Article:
Scams

A scam is nothing more than a dishonest way to get money from a person.  The current economic climate lends itself to an increase in scams.  Unfortunately, scams are constantly changing and evolving which makes it increasingly difficult for detection and apprehension.  Below is a small sampling of commonly observed scams.

Tax related scams are extremely popular and are often recognized well after the fact.  Remember — if it sounds too good to be true, it probably is. If you know of a tax fraud, you can report it to the IRS by sending completed Form 3949-A, Information Referral, to Internal Revenue Service, Fresno, CA 93888. You can download the form or call 1-800-829-3676 to order by mail.

While it is hard to investigate phone scams, you can report them to the Federal Trade Commission (FTC).  They will track complaints from consumers that will help detect patters of fraud or abuse.

Visit https://www.ftccomplaintassistant.gov/ and click on the “OTHER” tab on the right side to report a phone scam.

PSEG Scam:

How the Scam works:

  • A Spanish- or English-speaking individual pretending to be a PSE&G employee calls customers saying their service would be disconnected if they do not make a payment using a prepaid debit card. In some cases, the call is prerecorded.
  • Customers are told to purchase a Green Dot MoneyPak at a pharmacy or convenience store, use cash to put money onto the card, and then provide the number on the card to the person who called them.
  • Customers are advised that if they do not immediately call back and provide the MoneyPak information, their service will be turned off that day.
  • Typically, after the customer provides that MoneyPak number, the scammer transfers the funds to a prepaid card, and cashes it in at an ATM.

How to Prevent the Scam:

  • Know the direct telephone number and address of your local PSE&G Customer Service Center.
  • Know that when PSE&G makes an outbound telephone call to customers, customer-specific information is shared with the customer. That information includes account name, address, number and current balance.
  • If customers do not receive this correct information, they likely are not speaking with a bonafide PSE&G representative.

What to do if you receive such a call:

  • Try to verify the validity of the number the scammer is calling from and record the number of the scammer.
  • Try to verify the authenticity of the caller of the scam.
  • Disconnect the call immediately after attempting to verify this information.
  • Immediately check your recent PSE&G bill and find out when it was last paid.
  • If you cannot determine when your last PSE&G bill was paid, contact PSE&G directly at 1.800.436.7734 or visit a local PSE&G Customer Service Center. Service Centers are open Monday through Friday, 8:00 AM to 4:00 PM with locations listed on customer bills and on-line at: http://www/pseg.com/centers.
  • Subsequent to this, notify us at 201-41-6400

Phishing:

Phishing email messages, websites, and phone calls are designed to steal money. Cybercriminals can do this by installing malicious software on your computer or stealing personal information off of your computer.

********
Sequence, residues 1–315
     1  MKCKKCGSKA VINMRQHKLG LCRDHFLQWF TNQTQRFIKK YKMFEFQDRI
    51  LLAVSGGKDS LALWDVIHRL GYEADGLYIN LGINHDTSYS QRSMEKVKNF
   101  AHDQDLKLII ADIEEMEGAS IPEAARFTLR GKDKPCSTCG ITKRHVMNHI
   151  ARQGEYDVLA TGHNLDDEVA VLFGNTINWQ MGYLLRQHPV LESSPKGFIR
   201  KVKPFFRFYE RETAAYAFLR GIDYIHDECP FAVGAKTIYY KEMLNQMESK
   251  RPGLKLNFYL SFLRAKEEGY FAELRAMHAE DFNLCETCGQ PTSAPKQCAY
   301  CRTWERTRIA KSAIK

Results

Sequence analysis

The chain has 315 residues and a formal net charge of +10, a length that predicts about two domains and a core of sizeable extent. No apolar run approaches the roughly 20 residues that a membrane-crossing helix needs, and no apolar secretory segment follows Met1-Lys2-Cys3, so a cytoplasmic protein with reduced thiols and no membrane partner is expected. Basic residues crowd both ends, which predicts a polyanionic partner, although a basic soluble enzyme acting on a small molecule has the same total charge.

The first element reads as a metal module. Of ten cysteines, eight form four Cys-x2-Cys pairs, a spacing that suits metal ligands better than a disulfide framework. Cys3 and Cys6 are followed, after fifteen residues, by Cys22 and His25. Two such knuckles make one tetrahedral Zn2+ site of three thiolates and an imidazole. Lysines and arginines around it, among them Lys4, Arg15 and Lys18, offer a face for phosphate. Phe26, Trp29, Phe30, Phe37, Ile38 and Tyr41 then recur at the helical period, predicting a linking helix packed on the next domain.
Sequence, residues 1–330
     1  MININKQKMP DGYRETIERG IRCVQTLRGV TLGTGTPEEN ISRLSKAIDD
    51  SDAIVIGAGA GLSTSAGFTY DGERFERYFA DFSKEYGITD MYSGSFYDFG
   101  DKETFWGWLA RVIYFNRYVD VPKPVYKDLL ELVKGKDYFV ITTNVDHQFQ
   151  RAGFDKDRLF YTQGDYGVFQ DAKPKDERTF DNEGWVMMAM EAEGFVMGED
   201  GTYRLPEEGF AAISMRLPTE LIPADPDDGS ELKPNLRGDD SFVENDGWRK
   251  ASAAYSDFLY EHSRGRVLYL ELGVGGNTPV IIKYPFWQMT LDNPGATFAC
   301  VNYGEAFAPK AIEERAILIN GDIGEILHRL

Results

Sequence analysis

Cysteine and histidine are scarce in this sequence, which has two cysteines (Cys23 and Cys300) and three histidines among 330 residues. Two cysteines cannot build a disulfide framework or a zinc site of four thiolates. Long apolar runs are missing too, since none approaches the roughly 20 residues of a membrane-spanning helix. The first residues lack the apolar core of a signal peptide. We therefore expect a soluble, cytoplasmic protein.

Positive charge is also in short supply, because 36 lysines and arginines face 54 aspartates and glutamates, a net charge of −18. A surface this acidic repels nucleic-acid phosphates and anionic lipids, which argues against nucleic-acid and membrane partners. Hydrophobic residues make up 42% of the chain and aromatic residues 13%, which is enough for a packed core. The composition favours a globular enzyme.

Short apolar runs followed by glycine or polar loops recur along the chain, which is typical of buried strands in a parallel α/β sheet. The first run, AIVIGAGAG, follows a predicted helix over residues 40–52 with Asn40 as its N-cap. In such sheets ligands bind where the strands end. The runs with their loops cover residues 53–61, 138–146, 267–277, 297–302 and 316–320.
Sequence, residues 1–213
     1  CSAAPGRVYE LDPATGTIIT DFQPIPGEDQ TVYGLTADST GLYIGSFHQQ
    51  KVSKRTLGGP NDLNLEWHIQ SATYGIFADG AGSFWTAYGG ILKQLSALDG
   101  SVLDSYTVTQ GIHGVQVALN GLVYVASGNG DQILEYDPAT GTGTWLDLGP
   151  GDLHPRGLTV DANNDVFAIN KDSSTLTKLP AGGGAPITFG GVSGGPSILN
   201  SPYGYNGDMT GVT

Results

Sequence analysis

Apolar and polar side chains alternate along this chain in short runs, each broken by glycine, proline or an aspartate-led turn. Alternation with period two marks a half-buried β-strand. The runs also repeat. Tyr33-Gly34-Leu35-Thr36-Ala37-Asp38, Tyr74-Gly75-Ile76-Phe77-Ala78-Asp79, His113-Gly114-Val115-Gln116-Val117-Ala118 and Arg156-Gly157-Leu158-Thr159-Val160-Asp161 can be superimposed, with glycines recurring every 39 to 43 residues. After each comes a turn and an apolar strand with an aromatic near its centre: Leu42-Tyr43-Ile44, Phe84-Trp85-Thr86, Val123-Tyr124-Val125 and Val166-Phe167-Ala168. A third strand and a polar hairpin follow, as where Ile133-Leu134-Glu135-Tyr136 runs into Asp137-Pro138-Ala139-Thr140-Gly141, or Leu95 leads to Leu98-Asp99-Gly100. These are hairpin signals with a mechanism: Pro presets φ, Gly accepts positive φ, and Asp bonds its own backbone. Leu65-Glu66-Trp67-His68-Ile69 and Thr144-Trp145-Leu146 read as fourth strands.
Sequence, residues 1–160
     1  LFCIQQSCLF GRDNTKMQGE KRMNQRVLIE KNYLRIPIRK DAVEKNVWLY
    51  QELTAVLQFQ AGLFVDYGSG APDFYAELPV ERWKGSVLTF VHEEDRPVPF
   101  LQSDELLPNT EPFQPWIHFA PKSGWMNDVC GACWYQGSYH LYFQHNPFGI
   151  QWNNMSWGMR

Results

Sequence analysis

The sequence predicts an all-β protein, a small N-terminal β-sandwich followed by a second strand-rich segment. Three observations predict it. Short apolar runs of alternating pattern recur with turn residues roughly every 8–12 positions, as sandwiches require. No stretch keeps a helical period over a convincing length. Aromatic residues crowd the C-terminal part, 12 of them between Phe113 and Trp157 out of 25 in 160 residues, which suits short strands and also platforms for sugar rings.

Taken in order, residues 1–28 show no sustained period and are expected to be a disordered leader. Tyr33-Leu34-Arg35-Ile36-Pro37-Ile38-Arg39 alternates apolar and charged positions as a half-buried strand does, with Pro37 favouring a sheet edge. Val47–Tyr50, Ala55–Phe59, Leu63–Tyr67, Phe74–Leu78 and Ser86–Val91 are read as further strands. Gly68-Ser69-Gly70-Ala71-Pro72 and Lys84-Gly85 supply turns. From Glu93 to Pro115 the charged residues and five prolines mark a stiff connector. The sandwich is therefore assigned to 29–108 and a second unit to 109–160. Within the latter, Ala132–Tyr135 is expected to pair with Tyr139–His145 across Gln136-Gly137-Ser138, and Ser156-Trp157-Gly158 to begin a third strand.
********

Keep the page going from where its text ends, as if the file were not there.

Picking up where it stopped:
A Phishing email may include:

Spelling and bad grammar.
Cybercriminals are not known for their grammar and spelling. Professional companies or organizations usually have a staff of copy editors that will not allow a mass email like this to go out to its users. If you notice mistakes in an email, it might be a scam.
Beware of links in email.
If you see a link in a suspicious email message, don’t click on it. Rest your mouse (but don’t click) on the link to see if the address matches the link that was typed in the message.
Threats.
Have you ever received a threat that your Hotmail account would be closed if you didn’t respond to an email message? The email message shown above is an example of the same trick
Spoofing popular websites or companies.
Scam artists use graphics in email that appear to be connected to legitimate websites but actually take you to phony scam sites or legitimate-looking pop-up windows.

Phishing Phone Calls may be similar to:

• Call from collection agency
• They tell you that you owe an outstanding balance
• They want to collect the money by using a credit card over the phone
• They may threaten legal action
• They refuse to tell you who you actually owe the money to.

If you receive a phone call like this do not give them any type of information, not even your name and address.  If this person was from an actual collection agency they should already know all this.  Tell them that you would like some sort of documentation mailed to you regarding the alleged debt.  Most of the time they will refuse to do this and may finally hang up on you knowing that you will not succumb to their threats.

Donations Scams:

Some people may even pose as a non-profit organization seeking donations for charity.  This also includes phone calls that say they are collecting donations for the Ridgefield Park Police Department.  You can be sure that no one will ever call on the phone for a donation to the police department.

Secret Shopper Scam:

There are many online offerings for secret shopper scams.  People should be weary of anything that looks too good to be true.  In a secret shopper scam, the scammer my send you a counterfeit money order or a cashier’s check that you are told to go and cash.  They then tell you to wire a majority of the funds via Western Union or MoneyGram.  You are then allowed to keep the rest of the money to go shopping with.  By the time the check is found to be counterfeit you would have probably have already wired the money.  You are then held responsible for the check that you cashed.